It was in 2004, one year after the war, when I went there for the first time. I met these boys and told them, “I want to make a movie about child soldiers, so I need to hear about your experiences.” They told me, “If you want to do a movie about child soldiers, you have to do it here, in our country, with us. We are the ones who really know about this.” But at the time it was quite difficult because there was a transitional government running the country, we couldn’t get insurance to do the movie – so I wasn’t sure if I’d be able to come and shoot my movie in Liberia.
It was also quite difficult to finance this kind of movie. It took time… [but] finally we shot this movie in January 2006. It was really the right time for Liberia because they had just elected a new president, a woman named Ellen Jhonson-Sirleaf, so it was a positive way to show the international community that a movie could be made in this country. It was also an opportunity for people to work as well as being a testimony of this war. So they really helped us… that was really important because you can’t do a movie like this in Liberia if the government doesn’t help you… For them it was also an important matter because it was the first movie ever shot in this country.
Did you ever feel the need for security during the production?
No, it wasn’t that dangerous. In the beginning the UN wasn’t really aware of this project… [but] doing a movie [like this] can be trouble, kids walking in the streets with weapons, we didn’t know what could happen. So they didn’t really help us in the beginning, but because the government was really pushing to do this movie, they didn’t want to go against them. We had to inform a lot of people – the whole population in the city – to tell them that the war was not coming again, but that it was a movie with fake weapons – and we would be shooting in the street – so don’t have to be afraid! We did a campaign like this with the government and the ministry of information… now when you go to Liberia, everybody knows aboutJohnny Mad Dog.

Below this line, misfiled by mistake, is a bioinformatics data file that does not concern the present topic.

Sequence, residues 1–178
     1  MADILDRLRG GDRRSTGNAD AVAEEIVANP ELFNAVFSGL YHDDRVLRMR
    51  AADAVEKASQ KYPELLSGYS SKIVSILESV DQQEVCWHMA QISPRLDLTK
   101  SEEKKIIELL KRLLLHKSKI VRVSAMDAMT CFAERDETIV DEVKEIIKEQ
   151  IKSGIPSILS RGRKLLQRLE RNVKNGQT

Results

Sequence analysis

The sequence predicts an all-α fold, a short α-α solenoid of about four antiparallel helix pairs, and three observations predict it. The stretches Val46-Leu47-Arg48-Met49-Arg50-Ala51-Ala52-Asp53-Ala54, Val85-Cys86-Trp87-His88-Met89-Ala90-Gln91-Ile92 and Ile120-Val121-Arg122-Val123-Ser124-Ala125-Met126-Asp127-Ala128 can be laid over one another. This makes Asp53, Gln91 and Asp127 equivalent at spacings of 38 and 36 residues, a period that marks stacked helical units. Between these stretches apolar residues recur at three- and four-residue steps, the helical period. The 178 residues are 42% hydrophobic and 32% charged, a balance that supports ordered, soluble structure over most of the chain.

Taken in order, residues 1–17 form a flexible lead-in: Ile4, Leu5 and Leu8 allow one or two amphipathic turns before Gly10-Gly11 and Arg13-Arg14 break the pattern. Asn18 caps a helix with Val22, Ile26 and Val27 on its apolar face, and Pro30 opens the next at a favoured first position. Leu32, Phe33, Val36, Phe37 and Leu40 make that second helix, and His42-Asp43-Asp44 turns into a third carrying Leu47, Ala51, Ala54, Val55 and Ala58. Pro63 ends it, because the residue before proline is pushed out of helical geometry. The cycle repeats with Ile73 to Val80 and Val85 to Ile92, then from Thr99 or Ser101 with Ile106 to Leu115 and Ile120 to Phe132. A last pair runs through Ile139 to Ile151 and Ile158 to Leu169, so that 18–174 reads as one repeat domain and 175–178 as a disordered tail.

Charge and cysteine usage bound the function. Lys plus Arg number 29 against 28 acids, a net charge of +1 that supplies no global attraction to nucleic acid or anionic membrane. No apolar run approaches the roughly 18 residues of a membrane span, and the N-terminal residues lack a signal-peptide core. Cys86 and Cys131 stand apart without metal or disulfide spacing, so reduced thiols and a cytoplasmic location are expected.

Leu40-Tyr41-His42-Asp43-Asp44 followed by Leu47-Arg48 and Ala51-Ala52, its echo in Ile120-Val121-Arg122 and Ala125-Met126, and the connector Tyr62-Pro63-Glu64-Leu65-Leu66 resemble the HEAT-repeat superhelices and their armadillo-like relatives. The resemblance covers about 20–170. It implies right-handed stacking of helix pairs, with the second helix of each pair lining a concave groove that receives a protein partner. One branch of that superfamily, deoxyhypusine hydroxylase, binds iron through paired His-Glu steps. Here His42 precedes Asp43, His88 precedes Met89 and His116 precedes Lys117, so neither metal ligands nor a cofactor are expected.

How was the production received? Even though you had the crew and the equipment all around, was the sound of gunfire an issue for the residents?
Well, we couldn’t use blank ammunition because of an embargo in Liberia – you can’t even import fake weapons. That was the main problem we had in the preparation. They told us, “There’s an embargo so you can’t import weapons, even for your movie.” So we thought, “How can we do a war movie without weapons?” Finally we found a solution… All the weapons in the movie are actually toys from Japan. They were quite similar to a real AK-47, they were quite heavy also, but they shot paintballs. It was even a bit difficult for the boys because they were used to the real weapons – they knew how to check the weapons and how to use them. But the guns didn’t make noise, so we could shoot in the street without the sound of gunfire scaring everybody.